Garden Dilemmas, Delights & Discoveries, Ask Mary Stone, New Jersey Garden blog

Fall Webworm vs. Tent Caterpillars

a white cotton candy looking nest of fall webworms in a tree wiht the sun shining through

Hello fellow readers, Have you noticed what looks like cotton candy decorating trees? I thought they were Eastern tent caterpillars, also called tent worms, we see in spring. But it turns out the white webs, often two feet wide, are fall webworms –tent worms’ close cousins.

a white cotton candy looking nest of fall webworms in a tree against a bright blue sky

Fall Webworm nests decorating trees.

Comparing the close Cousins: Fall Webworms vs. Tent Caterpillars: 

Both feed on shade, fruit, and woodland trees. But the fall webworms (Hyphantria cunea) pitch their tents in the late summer or early fall around branches and feed on them while “camping.” And so, they are filled with fecal droppings and food remnants.

In comparison, the Eastern tent caterpillars make their tents in the spring in a fork of branches and then leave their campsites to eat leaves of nearby trees, returning in the evening or during rainy weather to hunker down. So their abodes are “tidier.”

Think of them as diehard campers with a nifty lifecycle
a white cotton candy looking nest of fall webworms in a tree

Fall Webworm abodes aren’t as “tidy” as Tent Caterpillars.

The Penn State Extension Office writes tent caterpillars have been around since 1646, with outbreaks every eight to ten years. Their favorite feasts are cherry, crabapple, and apple trees. Like their close cousin, their feasts rarely kill a tree though folks blamed the poor little fellas for being a significant defoliating pest until the gypsy moth outbreak of 1970.

Fall webworms commonly make crabapple, walnut, birch, and cherry their meal of choice, though they feed on 90 species of deciduous trees.

Grown-up fall webworms are hairy, about an inch and a half long, bluish-black or yellowish with dark spots and stripes. The adult moths are almost purely white; some have black speckles.

Eastern tent caterpillars (Malacosoma americanum) are not very hairy. They’re white and black with blue markings, about two inches long, with a distinctive white stripe in the middle of their backs. They are the larvae of a moth known as lappet or snout moths that are reddish-brown with whitish stripes.

Safe ways to remedy Fall Webworms or Tent Caterpillars if need be
a white nest of Eastern Tent Caterpillars in the crotch of a tree.

Eastern Tent caterpillars feed outside of their nests.

Tent caterpillars can be toxic to horses, mules, and donkeys; I’ve not heard the same about fall webworms. While they can significantly defoliate, they usually won’t kill trees. If need be, you can destroy the nests by dropping them into soapy water. Or use a safe for the environment contact insecticide.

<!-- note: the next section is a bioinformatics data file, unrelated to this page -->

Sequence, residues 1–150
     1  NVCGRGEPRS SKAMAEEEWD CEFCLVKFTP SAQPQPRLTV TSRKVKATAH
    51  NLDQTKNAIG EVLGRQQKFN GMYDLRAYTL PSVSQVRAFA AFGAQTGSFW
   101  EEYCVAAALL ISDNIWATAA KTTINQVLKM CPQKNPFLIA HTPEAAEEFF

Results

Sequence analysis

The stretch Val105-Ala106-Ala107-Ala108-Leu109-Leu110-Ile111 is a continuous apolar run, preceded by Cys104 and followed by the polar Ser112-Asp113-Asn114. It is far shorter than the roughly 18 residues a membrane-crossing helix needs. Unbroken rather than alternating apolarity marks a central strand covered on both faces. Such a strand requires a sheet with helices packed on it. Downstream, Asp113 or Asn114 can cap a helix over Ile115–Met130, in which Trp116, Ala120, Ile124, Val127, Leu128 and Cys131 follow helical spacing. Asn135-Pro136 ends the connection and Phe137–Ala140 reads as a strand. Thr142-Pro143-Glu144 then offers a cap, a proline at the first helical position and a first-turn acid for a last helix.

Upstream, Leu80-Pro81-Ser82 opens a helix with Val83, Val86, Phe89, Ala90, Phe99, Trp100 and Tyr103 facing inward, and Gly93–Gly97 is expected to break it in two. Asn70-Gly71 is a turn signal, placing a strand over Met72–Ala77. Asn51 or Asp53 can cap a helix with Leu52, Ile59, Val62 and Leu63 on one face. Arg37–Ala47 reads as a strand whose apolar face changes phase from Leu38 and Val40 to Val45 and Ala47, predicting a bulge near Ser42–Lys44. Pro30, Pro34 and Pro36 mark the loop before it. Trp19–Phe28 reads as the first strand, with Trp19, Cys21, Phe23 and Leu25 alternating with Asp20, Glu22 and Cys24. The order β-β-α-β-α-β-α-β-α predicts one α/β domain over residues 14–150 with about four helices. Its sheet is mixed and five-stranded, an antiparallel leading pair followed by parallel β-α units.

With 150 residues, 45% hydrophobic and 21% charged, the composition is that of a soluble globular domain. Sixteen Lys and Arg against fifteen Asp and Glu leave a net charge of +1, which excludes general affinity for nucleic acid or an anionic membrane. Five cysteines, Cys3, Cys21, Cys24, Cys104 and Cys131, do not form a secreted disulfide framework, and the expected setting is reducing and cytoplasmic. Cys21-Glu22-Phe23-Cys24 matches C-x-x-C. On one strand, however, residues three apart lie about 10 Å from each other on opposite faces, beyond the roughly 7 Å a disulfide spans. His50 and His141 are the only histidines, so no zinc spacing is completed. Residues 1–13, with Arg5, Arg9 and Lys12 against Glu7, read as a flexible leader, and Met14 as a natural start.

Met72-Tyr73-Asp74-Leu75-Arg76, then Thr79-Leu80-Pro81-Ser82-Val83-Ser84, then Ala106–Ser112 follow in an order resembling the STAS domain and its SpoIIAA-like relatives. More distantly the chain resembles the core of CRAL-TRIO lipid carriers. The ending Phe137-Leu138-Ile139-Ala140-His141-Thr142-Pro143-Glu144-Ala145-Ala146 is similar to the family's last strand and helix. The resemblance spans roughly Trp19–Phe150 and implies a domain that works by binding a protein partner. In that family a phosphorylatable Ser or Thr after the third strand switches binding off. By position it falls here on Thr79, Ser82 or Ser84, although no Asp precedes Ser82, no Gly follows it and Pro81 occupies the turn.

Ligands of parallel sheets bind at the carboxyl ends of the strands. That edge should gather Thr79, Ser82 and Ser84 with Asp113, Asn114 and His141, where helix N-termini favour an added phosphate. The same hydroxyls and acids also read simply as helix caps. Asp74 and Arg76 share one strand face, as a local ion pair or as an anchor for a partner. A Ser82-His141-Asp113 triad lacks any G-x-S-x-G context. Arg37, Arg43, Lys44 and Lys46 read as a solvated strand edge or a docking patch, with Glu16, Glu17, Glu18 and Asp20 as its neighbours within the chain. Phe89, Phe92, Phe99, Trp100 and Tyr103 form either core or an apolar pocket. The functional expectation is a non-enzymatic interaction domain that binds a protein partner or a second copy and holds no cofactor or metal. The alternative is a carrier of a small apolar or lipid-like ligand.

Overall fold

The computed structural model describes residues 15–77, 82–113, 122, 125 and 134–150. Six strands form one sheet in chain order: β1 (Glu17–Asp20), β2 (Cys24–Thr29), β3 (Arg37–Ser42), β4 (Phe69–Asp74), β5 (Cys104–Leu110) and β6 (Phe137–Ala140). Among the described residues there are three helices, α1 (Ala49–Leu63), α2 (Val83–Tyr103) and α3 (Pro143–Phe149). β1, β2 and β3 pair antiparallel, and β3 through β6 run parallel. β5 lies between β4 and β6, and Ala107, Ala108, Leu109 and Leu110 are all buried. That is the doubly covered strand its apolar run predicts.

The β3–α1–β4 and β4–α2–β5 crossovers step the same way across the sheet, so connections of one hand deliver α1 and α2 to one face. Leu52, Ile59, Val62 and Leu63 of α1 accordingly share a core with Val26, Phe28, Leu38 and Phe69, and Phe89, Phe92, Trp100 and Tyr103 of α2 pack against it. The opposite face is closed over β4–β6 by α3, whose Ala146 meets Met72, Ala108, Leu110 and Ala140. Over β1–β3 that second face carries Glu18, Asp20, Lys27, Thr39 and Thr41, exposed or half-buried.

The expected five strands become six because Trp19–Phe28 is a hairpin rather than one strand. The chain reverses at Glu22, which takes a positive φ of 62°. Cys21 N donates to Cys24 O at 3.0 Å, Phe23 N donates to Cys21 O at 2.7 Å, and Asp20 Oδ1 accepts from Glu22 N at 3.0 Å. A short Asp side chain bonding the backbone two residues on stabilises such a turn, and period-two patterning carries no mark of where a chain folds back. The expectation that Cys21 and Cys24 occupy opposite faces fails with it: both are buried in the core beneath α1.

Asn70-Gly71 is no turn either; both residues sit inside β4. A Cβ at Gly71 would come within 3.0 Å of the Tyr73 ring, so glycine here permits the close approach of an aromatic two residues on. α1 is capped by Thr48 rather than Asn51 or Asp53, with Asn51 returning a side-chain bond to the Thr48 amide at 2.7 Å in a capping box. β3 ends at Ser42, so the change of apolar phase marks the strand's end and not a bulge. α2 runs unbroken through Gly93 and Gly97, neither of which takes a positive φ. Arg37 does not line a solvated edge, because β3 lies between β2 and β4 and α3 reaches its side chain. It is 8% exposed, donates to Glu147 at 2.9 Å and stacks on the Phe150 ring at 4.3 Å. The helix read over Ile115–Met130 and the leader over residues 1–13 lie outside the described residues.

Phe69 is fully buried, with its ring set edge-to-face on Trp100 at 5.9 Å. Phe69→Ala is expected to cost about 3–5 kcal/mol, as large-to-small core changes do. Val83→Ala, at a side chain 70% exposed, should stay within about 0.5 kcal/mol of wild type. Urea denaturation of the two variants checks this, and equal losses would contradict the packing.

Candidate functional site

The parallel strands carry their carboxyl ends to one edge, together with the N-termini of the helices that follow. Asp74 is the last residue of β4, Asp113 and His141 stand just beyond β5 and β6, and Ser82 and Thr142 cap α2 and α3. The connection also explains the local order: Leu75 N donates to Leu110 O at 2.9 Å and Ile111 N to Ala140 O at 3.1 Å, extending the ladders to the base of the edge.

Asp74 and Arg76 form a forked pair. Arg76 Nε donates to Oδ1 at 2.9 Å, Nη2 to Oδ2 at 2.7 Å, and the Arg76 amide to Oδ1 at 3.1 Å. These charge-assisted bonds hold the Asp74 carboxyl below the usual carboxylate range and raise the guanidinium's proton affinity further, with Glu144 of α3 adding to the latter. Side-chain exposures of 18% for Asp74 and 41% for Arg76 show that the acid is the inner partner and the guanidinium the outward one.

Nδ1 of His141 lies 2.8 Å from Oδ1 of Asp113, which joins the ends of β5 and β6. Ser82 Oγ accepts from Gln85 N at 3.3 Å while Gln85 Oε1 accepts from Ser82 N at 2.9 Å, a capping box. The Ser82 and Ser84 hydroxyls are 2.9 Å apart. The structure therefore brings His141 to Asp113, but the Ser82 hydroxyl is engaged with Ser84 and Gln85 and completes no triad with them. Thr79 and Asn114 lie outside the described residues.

Bacillus thuringiensis (Bt) is the most effective and is a naturally occurring bacterium common in soils. It’s a selective insecticide killing caterpillars while safe for other wildlife. Apply the spray directly to foliage and tent nests. It produces proteins that react with the cells of the gut lining of susceptible insects. These Bt proteins impact the digestive system causing the insect to stop feeding within hours. They then die from starvation, which can take several days—not very kind. Maybe best to let nature take its course.

Think of them as diehard campers with a nifty lifecycle instead of a threat. Besides, the native insects are a food source for our beautiful birds, adorable toads, and beneficial insects. It’s true, though; they can be rather icky when they fall on your plate at a barbeque.

Garden Dilemmas? or your favorite Podcast App.

There’s more to the story in Episode 71 – including a hilarious intervention of brother Rick’s rose dilemma:

Link to for more about Diehard Campers-Tent Caterpillars

More information about Bacillus thuringiensis (Bt)



Mary Stone, owner of Stone Associates Landscape Design & Consulting. As a Landscape Designer, I am grateful for the joy of helping others beautify their surroundings which often leads to sharing encouragement and life experiences. These relationships inspired my weekly column published in THE PRESS, 'Garden Dilemmas? Ask Mary', began in 2012. I dream of growing the evolving community of readers into an interactive forum to share encouragement and support in Garden and Personal Recoveries - seeking nature’s inspirations, stimulating growth, weeding undesirables, embracing the unexpected. Thank you for visiting! Mary

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